Author: Traci McDonald
Narrator: Amanda Stribling
Length: 9 hours and 49 minutes
Series: Ice and Stone, Book 1
Release date: June 20, 2018
Facing what seems like an eternity of loneliness and abandonment, her life is inexorably altered late one night when a runaway teenage girl breaks into her store and Danielle receives a mysterious text message…from her dead mother.
The only person who can help her is Aaron Donnell, a reckless, tormented drifter with haunting silver-blue eyes who is searching for the burglar, his younger sister. Aaron somehow holds the answers to the mysterious texts, but he’s arrogant, dangerous, and is clearly no good for her. The problem is . . . . she’s falling in love with him.
Consumed with Aaron’s mysterious darkness and the prospect of locating the source of the texts, Danielle allows him to unwittingly drag her into an insane, mystical world where human trafficking is the usual, black magic reigns supreme, and inhuman power lasts forever.
Are the dark chasms of magic and eternity too wide and deep for love to cross? Is the collateral damage in their battle too high of a price to pay if it leaves someone with their soul encased in stone?
I found the blurb and story line for Soul of Stone intriguing. Soul of Stone is a quick paced, page turning read. I found myself immersed in Danielle's bookstore. Too bad it isn't real! The characters were well defined with complex backstories. That cliffhanger though...well played Traci McDonald.
I had 2 issues with this story. Set in rural Alabama the author went a bit over board with the Southern colloquialisms; especially in the first quarter of the story. It was not as prevalent in the rest of the book. Being a Southerner I can say we do not use southern jargon that frequently in our daily speech, but maybe Alabama is different. Secondly the author's over use of the like. Her descriptions and details were fantastic; however, she over used the simile.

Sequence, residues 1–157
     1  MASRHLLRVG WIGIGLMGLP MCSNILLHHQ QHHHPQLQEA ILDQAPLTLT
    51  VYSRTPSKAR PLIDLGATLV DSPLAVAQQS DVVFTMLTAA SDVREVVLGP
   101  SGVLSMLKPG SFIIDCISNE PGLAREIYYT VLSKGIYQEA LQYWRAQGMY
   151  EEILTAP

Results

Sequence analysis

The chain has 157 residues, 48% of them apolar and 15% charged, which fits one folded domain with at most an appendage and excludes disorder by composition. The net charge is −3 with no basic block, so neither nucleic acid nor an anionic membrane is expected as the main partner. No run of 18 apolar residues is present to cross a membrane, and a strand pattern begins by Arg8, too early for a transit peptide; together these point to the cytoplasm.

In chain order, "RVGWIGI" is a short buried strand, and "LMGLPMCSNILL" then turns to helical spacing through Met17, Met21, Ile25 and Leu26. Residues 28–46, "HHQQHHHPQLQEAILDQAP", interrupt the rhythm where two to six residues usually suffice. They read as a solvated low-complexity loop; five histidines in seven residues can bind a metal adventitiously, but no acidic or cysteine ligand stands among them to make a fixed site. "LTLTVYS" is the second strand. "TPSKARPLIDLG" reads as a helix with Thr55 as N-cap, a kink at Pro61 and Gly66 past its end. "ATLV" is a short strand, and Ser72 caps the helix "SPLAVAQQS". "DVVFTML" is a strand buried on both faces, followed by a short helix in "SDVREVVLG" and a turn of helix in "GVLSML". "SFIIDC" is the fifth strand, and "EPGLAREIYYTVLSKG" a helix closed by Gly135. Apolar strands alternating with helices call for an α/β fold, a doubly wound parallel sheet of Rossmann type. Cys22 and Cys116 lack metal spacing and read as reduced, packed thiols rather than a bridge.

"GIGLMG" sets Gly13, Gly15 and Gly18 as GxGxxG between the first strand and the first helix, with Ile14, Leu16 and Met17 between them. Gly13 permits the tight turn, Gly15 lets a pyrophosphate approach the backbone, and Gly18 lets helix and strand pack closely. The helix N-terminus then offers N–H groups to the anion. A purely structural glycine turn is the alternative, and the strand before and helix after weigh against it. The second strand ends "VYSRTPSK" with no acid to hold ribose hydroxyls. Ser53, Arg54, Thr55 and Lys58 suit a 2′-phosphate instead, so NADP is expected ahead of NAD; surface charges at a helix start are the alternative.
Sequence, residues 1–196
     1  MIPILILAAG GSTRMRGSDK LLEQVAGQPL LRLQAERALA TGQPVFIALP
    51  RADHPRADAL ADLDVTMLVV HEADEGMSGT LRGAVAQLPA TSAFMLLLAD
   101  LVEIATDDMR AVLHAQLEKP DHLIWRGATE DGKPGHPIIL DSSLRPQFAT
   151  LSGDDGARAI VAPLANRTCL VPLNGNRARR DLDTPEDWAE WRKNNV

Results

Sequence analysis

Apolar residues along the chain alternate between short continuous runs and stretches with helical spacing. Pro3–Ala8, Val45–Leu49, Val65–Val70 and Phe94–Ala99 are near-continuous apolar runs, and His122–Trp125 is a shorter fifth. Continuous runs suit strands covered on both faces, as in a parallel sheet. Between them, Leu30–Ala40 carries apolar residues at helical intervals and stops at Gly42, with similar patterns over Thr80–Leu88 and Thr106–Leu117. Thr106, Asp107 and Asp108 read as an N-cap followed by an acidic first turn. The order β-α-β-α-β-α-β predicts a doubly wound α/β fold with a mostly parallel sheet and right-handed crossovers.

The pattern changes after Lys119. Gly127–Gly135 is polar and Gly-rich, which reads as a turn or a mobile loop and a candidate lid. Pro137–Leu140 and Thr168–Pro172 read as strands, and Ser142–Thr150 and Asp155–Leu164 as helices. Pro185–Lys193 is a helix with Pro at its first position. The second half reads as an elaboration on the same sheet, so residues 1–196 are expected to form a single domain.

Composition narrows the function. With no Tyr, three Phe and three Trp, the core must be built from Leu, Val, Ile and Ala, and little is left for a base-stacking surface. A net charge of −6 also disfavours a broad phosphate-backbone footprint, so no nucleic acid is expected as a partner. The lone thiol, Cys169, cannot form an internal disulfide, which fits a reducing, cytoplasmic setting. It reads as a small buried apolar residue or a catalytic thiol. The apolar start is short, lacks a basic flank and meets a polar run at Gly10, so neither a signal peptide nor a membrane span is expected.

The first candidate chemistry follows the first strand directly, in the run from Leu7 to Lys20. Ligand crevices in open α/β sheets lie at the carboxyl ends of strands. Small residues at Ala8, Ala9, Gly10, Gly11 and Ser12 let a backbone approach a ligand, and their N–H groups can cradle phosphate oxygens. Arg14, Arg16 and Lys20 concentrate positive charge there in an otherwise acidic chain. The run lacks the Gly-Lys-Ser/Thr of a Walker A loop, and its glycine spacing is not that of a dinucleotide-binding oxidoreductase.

Overall I enjoyed the story and will check out the rest of the series.
As I said, I am a Southerner so it is easy to spot when someone is faking or forcing an accent. I found that Amanda Stribling did a flawless job narrating this story. She really sold me on the story and I loved her accent. I hope she does the rest of the series.
Traci McDonald is a blind author of clean romance novels, including Burning Bridger (Muse It Up, 2015), Killing Casanova (Crimson Romance, 2012) and the forthcoming Soul of Stone. She believes that falling in-love is the greatest risk of all, and her non-explicit romances are about hurting, healing and finding true love. Traci has been blind for 20 years. When she isn’t writing she is an editor for Ink and Quill Press and the co-host for a blogtalk radio show on The World of Ink Network. Traci is an active member of the National Federation of the Blind, on the board of her local writer’s guild, and a speaker for various writing conferences and book fairs. She is a full time wife and mother of three boys, an avid reader, and loves living in a small town on the fringes of Nevada's Mojave Desert.
The setting of this story includes a well-educated, traditional southern belle. Amanda Striplings voice was intense, articulate and had a hint of ‘southern’ without being ‘Hick’.
How closely did you work with your narrator before and during the recording process? Did you give them any pronunciation tips or special insight into the characters?
Amanda and I didn’t cross over into each other’s expertise. I write, she brings the characters alive. The only tips I gave her were to be aware of pronunciation of words, to balance her speed and accuracy and to keep the characters sounding like their age.
Do you believe certain types of writing translate better into audiobook format?
The sound of a human voice telling a suspenseful, action, or thriller works, for me to help feel the suspense is alive.